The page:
The day cometh that shall burn them up;
They shall be dust under the soles.
Neither their silver nor their gold shall save them.
Great shall be the day when driven cattle
Are slain by the words of a mouth.
They shall walk quietly, everyone his path; breathing gently.
The earth shall not quake, nor the heavens tremble.
The calf which totters shall suckle and skip to the last;
Flowers will bloom, and blooms flower.
And it shall come to pass:
Men slow to anger, and of great heart,
Yet shall make the morning darkness.
The man who sacrifices shall kiss the calf[2];
The days shall come when the reaper overtakes the ploughman;
And the least grain shall not stir the earth.
Men without fear, without anguish, with nerves to endure,
Will stand on the burnt plain, will look out over the ruins,
And their eye will not spare.
The day shall cast shadow;
The flesh shall fill the valleys,
Shall water the earth with blood.
The mountain will burn with fire, and become darkness.
And it shall come to pass;
Women will be made childless –
Not by the sword, but by the gentle hand.
The womb shall smoulder, and the breast run dry.
Mothers will rend the caul.
Fathers shall seek death, and find it not;
Shall desire to cease, but decease shall remain elusive[3].
Moments of joy will be their eternal sorrow;
Life shall be death unto them.
The stones will weep from the wall;
The limbs of the trees will testify[4].
They will cry to God, but find the sky empty;
They will run, all together –
Small and great, young and old –
The gate shall be opened, and they shall be brought to nothing.
The light in there is darkness everlasting –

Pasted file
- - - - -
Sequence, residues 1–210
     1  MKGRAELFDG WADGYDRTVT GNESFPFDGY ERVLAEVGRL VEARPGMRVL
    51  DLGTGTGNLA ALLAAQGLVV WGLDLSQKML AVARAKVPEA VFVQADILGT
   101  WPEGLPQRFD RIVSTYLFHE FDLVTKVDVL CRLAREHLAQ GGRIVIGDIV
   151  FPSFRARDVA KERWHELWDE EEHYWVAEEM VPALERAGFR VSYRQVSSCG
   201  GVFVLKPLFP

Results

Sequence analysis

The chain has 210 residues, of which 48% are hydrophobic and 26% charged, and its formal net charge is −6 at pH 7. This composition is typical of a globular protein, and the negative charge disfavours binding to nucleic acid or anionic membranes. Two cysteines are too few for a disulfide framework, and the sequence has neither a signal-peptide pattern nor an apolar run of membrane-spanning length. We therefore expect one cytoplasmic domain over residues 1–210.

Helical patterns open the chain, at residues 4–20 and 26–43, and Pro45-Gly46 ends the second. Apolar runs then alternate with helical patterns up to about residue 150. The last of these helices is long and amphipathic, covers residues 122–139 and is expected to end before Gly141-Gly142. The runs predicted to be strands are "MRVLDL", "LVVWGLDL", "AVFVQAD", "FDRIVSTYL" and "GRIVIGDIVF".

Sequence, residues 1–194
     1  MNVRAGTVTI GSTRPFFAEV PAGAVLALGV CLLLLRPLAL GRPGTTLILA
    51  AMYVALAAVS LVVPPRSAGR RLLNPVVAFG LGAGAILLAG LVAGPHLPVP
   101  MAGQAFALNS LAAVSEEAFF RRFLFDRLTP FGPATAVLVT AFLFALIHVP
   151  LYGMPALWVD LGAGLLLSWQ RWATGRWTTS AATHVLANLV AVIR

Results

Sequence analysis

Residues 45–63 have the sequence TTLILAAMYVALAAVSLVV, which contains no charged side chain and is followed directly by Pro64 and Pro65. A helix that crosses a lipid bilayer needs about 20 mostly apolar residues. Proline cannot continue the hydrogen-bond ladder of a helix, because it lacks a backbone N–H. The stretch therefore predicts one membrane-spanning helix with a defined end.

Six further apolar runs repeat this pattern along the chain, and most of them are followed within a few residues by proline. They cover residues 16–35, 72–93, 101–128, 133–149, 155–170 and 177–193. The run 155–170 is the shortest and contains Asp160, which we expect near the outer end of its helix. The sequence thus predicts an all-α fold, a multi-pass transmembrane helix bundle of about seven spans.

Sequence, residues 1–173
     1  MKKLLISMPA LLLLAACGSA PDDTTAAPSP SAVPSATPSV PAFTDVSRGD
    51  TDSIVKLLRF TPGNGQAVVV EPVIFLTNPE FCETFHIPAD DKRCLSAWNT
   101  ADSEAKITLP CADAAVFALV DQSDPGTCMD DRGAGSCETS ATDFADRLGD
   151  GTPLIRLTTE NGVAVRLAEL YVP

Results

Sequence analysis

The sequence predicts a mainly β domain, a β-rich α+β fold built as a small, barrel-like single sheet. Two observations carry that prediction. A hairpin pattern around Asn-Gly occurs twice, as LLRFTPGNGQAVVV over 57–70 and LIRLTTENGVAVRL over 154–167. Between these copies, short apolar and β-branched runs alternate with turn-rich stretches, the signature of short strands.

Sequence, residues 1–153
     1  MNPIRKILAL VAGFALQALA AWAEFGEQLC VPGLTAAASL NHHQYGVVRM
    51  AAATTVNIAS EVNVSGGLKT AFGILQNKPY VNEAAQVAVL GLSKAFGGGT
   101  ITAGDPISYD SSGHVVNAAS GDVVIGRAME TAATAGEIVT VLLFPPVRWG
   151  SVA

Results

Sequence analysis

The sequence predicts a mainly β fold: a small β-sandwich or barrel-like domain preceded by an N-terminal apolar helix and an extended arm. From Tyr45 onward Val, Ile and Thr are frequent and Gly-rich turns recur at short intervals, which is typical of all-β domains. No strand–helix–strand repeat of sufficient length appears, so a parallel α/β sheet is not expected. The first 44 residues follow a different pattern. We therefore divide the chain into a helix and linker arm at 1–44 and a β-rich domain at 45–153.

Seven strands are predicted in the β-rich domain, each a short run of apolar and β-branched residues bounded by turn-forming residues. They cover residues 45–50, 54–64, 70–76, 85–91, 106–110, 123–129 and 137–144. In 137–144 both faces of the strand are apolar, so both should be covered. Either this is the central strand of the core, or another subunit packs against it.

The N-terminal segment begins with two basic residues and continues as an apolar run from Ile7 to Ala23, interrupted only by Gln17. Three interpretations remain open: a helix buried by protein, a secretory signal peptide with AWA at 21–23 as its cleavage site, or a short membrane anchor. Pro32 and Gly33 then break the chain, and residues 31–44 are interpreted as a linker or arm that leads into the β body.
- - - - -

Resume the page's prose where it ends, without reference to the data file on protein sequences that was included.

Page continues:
It draws in and never gives out.
No more than the bones of locusts and the husks of wheat –
Swept along by the gentlest wind.
Of remains shall be no trace.
Memory will gutter; will extinguish.
Men’s frames shall burn as incense;
But the earth will keep her quietness.
They will not rise from the flames;
They will not return from the ashes.
The only sound shall be silence;
The only sight – naught, and evermore.
Still flows the river, and shall forever flow.
And it shall come to pass,
That everything that liveth, which moveth,
Whithersoever the rivers shall course, shall cease[5].
They are nothing; they will be nothing
But the shadow of the wind and the cry of the sun;
And this for all time.
But shall the sword devour forever?[6]
Shall its strokes never cease?
The fires will wane;
They will come to an end.
The burning will at last to embers come;
Yet shall scorch the earth once more.
A new birth will see the dawn –
There will be no horizon;
The river will course with a halo of ashes.
As the sun rises and gleams on the waves’ froth;
As each breaks and retreats once more,
Time and again, again and in time,
The waters will wash clean, run clear and run cold:
Rivers of blood, rivers of gold.

[1] See Deuteronomy 28. 41-2.

[2] See Hosea 13.3-6.

[3] See Revelations 9.6

[4] See Talmud – p. 272.

[5] See Ezekiel 47.4.

[6] See 2 Samuel 2.26.